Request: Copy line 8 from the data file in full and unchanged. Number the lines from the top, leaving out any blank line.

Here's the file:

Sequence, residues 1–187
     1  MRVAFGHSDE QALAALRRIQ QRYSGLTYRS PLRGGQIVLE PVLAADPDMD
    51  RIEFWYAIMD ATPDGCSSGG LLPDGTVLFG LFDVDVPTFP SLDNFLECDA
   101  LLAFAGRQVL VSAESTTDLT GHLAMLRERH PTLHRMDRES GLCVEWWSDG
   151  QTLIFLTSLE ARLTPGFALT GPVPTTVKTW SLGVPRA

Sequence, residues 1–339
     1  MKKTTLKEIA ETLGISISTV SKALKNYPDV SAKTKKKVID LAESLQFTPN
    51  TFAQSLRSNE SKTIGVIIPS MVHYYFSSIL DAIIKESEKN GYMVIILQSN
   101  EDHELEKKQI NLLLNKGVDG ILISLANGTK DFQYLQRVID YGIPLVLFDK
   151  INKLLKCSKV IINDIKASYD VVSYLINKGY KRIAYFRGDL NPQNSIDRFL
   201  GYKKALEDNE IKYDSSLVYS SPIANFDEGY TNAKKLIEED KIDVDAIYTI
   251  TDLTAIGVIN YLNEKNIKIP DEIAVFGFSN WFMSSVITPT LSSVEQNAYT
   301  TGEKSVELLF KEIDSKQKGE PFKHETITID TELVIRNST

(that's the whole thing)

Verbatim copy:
    51  TFAQSLRSNE SKTIGVIIPS MVHYYFSSIL DAIIKESEKN GYMVIILQSN